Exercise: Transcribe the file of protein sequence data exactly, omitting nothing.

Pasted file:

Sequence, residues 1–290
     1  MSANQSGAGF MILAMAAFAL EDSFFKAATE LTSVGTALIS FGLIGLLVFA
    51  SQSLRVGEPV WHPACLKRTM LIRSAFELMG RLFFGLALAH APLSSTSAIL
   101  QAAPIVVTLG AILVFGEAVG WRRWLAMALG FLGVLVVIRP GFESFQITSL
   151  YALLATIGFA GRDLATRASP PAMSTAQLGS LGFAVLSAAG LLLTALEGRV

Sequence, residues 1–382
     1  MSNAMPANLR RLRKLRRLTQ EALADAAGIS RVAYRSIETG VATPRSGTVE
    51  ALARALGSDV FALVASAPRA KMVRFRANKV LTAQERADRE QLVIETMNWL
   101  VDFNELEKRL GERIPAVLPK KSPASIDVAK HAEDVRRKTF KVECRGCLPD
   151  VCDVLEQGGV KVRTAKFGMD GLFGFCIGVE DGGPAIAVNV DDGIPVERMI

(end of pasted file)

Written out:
Sequence, residues 1–290
     1  MSANQSGAGF MILAMAAFAL EDSFFKAATE LTSVGTALIS FGLIGLLVFA
    51  SQSLRVGEPV WHPACLKRTM LIRSAFELMG RLFFGLALAH APLSSTSAIL
   101  QAAPIVVTLG AILVFGEAVG WRRWLAMALG FLGVLVVIRP GFESFQITSL
   151  YALLATIGFA GRDLATRASP PAMSTAQLGS LGFAVLSAAG LLLTALEGRV

Sequence, residues 1–382
     1  MSNAMPANLR RLRKLRRLTQ EALADAAGIS RVAYRSIETG VATPRSGTVE
    51  ALARALGSDV FALVASAPRA KMVRFRANKV LTAQERADRE QLVIETMNWL
   101  VDFNELEKRL GERIPAVLPK KSPASIDVAK HAEDVRRKTF KVECRGCLPD
   151  VCDVLEQGGV KVRTAKFGMD GLFGFCIGVE DGGPAIAVNV DDGIPVERMI